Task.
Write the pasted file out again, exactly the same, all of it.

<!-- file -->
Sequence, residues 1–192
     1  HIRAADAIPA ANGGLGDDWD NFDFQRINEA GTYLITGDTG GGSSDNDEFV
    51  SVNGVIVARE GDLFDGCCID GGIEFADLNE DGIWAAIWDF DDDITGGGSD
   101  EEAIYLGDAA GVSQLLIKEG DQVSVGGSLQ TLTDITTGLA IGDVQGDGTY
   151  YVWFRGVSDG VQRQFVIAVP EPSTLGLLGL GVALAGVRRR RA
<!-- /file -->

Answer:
Sequence, residues 1–192
     1  HIRAADAIPA ANGGLGDDWD NFDFQRINEA GTYLITGDTG GGSSDNDEFV
    51  SVNGVIVARE GDLFDGCCID GGIEFADLNE DGIWAAIWDF DDDITGGGSD
   101  EEAIYLGDAA GVSQLLIKEG DQVSVGGSLQ TLTDITTGLA IGDVQGDGTY
   151  YVWFRGVSDG VQRQFVIAVP EPSTLGLLGL GVALAGVRRR RA